Research | Writing | Digital Humanities | Biblical Studies

The Scholarly Workflow

The Scholarly Workflow

While waiting for our coffee to brew (via the French press), a friend and I were chatting a bit about the scholarly workflow, the process of researching and writing (and rewriting and rewriting and rewriting).

Shortly after, about an hour into my own work in the Gospel of Luke, I made a number of observations that are potentially significant for my thesis. These are always exciting moments of research, but then again, these are moments that test one’s workflow:

  • How will I document these observations?
  • How will I organize these observations to ensure I come back and incorporate them into my work?
  • Should I further investigate these discoveries now or come back to them later?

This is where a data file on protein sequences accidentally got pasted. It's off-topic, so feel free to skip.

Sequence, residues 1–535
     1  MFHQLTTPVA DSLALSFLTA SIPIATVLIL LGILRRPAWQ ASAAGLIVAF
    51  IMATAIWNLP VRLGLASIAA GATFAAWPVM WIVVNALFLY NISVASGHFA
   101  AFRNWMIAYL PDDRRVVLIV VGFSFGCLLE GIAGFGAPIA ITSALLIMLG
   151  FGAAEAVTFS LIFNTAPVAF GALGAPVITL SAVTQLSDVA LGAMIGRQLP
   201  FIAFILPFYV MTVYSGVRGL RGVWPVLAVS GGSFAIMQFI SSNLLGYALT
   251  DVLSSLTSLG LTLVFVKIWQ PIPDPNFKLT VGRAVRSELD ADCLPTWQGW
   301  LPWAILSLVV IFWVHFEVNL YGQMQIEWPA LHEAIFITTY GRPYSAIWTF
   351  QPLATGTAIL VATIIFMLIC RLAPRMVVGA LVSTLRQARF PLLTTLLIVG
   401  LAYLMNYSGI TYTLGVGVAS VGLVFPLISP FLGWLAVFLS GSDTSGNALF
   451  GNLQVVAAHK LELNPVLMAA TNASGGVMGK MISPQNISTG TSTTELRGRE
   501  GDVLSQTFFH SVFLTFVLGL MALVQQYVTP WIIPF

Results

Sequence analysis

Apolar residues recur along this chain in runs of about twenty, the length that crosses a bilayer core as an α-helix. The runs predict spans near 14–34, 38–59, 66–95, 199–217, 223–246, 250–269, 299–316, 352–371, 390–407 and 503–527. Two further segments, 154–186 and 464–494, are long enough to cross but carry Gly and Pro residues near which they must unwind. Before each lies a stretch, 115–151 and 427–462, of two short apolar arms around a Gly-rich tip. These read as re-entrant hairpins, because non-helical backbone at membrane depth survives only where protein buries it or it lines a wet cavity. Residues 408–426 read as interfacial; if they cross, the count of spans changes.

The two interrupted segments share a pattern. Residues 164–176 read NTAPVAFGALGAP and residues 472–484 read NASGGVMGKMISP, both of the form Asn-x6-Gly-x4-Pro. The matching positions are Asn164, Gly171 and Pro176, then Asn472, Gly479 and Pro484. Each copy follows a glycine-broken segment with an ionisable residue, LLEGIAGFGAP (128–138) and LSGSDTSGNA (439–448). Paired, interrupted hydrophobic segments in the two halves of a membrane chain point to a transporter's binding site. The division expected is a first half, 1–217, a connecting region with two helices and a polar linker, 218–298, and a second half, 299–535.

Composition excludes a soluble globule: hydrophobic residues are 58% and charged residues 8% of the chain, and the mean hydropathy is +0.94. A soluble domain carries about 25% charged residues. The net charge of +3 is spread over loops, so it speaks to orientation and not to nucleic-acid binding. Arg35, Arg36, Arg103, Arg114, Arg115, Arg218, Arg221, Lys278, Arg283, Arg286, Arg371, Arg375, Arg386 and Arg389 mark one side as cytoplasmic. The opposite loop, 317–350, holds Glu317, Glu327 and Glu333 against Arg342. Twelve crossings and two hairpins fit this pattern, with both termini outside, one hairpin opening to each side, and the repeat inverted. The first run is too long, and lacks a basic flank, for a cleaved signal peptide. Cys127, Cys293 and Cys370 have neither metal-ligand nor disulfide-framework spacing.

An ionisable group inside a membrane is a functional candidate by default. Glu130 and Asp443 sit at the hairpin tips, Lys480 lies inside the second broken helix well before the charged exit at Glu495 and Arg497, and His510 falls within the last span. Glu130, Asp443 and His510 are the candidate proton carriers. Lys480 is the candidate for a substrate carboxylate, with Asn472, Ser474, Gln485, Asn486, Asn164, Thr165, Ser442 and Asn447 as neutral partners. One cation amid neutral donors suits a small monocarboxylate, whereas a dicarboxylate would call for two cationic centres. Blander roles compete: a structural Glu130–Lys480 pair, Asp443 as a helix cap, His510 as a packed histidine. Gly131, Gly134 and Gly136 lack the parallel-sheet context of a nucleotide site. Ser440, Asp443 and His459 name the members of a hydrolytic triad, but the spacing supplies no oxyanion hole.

• How will I come to conclusions once I have a handle on the data?
  • How will I present the data and argue for its significance?
  • How much work will I do rewriting and perfecting my argument?

The last two points are no less important than the others, and these, I think, are how scholarship happens. It’s one thing to make an observation, to connect the dots, etc., but another to put it down on ‘paper’, to form an argument, and to articulate a position clearly.

Any secrets to a successful workflow out there? Do share!

3 Responses to The Scholarly Workflow

  1. I would have saved a ton of time and effort, and avoided lots of mental clutter, if writers spent more time on the rewriting stage. Lots of times, the person who starts to write doesn’t know exactly how they will end their project. And since this unknown becomes known AS the writing proceeds (in one draft or another), this newly-known info often should affect (improve) the structure of the document. So part of the workflow is to re-make the trail behind WHILE clearing the path ahead. Often these improvements, if thoughtfully done, will make the writing much more concise and meaningful.

Leave a reply